As an Assistant, observing and analyzing any situation quickly, accurately and without bias is essential. Working in a fast-paced environment can make it challenging to develop critical observational skills. Using critical observation as an Assistant is important.
We work at one hundred miles an hour, and quite often, we spend a good part of our day putting out fires and dealing with urgent matters. However, those aware of the importance of critical observation will often find themselves ahead of their peers.
To give yourself a competitive edge as an Executive or Personal Assistant and add value within your organization, you must learn the value of knowing when, where and how to use critical observation.
It can make all the difference in your ability to support those around you. This article will explore what critical observation means in practice and how it can benefit Assistants professionally and personally immensely.
What is critical observation, and how does it help you as an Assistant?
Using critical observation as an Assistant will help you enormously in the role. It will ensure you are providing real value to your Executive, who often doesn’t have the time or capacity to observe nuance or pay attention to what is happening under the surface of a situation.
Before we dive in, what do we mean by critical observation?
Critical observation means having a keen ability to observe and assess any situation quickly and accurately. It also involves developing an understanding of what is happening in any given instance, why something might be happening, and how it could be improved. This knowledge can help you make well-informed decisions that can save time and increase efficiency for yourself and your Executives.
What are the benefits of being a good observer?
Being observant allows us to be prepared to anticipate the needs of our Executives, identify problems and provide solutions to them swiftly and efficiently. It is important for Assistants to be alert and aware of the details in our Executive’s life, whether it is changes to their routine or new pressures on their time so that we can adjust how we work to support them better.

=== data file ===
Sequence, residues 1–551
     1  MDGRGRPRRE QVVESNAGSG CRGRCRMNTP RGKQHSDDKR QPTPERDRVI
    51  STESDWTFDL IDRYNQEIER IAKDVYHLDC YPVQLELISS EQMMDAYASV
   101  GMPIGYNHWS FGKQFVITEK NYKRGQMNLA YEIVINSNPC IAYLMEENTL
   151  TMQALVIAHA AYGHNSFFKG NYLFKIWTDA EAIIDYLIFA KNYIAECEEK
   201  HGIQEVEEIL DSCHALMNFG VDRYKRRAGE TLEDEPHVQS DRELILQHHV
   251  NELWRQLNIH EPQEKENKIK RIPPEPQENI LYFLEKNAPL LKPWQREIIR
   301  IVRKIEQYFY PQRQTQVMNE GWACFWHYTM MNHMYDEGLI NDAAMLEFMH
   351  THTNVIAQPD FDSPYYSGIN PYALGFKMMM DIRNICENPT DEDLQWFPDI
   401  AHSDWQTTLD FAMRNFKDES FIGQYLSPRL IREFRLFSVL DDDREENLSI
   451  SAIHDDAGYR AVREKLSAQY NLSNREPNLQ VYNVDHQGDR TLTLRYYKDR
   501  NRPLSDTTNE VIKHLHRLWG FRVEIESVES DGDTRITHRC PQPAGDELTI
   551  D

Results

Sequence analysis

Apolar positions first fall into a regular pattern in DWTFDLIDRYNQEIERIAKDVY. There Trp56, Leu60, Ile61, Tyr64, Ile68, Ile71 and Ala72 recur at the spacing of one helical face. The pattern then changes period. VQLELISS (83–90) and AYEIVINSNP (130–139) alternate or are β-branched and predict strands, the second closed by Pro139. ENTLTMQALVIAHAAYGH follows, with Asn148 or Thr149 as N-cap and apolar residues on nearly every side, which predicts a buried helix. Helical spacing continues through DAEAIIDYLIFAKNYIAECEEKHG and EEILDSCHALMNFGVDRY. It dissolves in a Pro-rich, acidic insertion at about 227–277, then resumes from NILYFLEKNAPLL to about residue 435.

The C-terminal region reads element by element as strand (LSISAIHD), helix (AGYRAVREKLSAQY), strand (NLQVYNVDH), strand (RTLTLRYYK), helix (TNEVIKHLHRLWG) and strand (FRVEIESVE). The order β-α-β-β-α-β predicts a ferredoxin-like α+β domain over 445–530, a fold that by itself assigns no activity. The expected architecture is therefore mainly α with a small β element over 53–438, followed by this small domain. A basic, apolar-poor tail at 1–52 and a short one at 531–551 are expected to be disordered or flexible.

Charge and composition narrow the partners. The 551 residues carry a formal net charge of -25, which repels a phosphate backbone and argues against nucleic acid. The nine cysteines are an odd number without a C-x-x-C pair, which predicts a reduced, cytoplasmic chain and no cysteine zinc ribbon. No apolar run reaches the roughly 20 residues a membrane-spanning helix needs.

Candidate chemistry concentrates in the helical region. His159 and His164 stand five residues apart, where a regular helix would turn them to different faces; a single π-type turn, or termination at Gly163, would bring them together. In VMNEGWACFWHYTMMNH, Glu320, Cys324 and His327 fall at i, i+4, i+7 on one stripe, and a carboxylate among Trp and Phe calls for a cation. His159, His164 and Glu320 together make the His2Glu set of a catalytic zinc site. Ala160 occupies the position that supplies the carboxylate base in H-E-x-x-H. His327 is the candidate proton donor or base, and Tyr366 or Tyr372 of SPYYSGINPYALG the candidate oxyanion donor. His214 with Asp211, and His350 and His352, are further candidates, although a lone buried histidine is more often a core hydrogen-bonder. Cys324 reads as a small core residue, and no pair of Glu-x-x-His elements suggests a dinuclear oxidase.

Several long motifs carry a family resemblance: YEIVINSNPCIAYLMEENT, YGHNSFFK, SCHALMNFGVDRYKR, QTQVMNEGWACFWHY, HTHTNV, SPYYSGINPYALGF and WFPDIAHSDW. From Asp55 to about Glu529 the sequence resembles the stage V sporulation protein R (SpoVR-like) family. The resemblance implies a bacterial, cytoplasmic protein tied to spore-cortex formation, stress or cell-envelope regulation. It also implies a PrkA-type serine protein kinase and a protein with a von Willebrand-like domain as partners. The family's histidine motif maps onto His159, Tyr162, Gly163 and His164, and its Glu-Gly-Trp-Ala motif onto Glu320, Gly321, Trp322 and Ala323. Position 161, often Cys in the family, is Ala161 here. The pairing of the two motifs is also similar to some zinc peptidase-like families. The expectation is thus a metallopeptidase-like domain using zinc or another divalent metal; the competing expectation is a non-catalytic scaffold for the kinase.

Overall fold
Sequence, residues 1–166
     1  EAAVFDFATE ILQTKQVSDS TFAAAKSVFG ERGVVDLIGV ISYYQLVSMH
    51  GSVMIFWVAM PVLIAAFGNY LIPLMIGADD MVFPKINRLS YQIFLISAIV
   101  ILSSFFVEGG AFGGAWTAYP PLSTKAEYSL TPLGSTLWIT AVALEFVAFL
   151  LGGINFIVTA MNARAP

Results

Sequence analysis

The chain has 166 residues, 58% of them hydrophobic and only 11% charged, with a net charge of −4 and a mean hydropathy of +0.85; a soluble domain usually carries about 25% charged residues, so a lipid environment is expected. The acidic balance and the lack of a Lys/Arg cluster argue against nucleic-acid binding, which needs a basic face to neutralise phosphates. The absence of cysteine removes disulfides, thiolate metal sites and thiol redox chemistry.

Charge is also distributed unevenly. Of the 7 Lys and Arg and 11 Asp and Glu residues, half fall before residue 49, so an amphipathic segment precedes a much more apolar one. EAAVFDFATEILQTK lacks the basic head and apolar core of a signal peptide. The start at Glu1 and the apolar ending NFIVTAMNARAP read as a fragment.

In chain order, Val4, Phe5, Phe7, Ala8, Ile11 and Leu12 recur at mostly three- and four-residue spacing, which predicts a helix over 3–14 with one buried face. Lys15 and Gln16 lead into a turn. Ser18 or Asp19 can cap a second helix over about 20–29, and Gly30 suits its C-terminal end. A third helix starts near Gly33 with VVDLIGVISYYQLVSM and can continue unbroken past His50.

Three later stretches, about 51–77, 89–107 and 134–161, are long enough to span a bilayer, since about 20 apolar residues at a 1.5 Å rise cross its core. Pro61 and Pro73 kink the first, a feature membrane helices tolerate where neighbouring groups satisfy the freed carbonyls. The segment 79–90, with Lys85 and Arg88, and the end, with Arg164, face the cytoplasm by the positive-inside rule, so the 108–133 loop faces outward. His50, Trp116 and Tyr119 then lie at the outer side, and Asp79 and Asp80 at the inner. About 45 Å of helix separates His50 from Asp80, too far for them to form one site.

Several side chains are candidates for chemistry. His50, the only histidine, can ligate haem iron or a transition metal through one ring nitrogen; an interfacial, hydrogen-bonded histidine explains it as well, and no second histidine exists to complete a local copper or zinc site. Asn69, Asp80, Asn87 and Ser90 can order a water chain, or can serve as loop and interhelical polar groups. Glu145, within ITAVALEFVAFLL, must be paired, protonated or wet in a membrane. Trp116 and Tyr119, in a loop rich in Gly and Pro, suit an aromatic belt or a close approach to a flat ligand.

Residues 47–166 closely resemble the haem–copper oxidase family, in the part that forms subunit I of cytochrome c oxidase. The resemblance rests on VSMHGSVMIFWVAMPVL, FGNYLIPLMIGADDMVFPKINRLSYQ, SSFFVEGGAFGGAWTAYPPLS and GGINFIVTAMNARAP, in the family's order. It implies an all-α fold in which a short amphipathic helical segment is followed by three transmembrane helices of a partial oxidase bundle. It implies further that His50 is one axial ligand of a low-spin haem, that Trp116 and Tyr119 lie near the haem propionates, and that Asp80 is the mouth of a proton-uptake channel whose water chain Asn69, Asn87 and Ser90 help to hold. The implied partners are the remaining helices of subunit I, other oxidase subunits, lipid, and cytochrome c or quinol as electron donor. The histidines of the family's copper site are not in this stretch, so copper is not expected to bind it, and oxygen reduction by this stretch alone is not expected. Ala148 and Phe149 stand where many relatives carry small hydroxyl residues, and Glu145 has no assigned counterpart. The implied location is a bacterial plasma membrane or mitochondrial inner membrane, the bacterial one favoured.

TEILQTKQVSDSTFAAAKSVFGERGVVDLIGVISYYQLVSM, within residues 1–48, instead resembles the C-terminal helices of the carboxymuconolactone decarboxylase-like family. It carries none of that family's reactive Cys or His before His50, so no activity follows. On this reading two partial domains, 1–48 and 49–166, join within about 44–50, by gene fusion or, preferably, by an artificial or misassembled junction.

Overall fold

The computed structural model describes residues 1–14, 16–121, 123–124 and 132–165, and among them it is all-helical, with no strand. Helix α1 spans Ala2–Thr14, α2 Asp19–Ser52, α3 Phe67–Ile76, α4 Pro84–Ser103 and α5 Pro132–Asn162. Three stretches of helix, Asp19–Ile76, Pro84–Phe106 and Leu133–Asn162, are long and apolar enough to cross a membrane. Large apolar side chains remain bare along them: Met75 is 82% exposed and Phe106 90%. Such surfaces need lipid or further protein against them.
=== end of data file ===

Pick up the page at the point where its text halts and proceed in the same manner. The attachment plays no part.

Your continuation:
By developing critical observation skills and practicing them regularly, you will become more adept at tackling situations as they arise and coming up with creative solutions rather than looking back on something that could have been solved sooner or finding yourself fire-fighting what is now an urgent issue.
Furthermore, being watchful will allow you to improve your Executive’s efficiency by proactively managing their schedule and responsibilities, helping them focus on the essential tasks while remaining organized overall. You can then ensure a smoother day-to-day running of operations! Sounds great, doesn’t it? So how do you start to develop critical observation skills?
Be curious about what is going on around you
It is so essential for Assistants to be curious about everything that is going on around them. It is the starting point for building your critical observation skills. Take an interest in the people you interact with and the situations you find yourself in. There are always undertones and nuances that you pick up when you are observing others.
Assistants are in a great position to be able to help their Executive read a room. Attending meetings with your Executive to critically observe what is taking place and then feeding that back to your Executive could help with decision-making and relationship-building.
Be open to receiving the right information
For Assistants, so much of our time is taken up by the flow of information. We must process thousands of emails, documents, memos, correspondence and meeting requests. We are bombarded with information, some more valuable than others.
It can be overwhelming and often lead to Assistants taking a head-down approach to their work. The thought is that you will get through your workload, but the problem is that you will miss a lot of what is happening around you and become less observant.
To develop your critical observation skills, you must take a head-up approach. This means being open to information, but, more importantly, having a good understanding of what information is critical will help advance your goals and objectives.
Pay attention to what is essential and understand the less critical information to observe.
SOURCE: Practically Perfect PA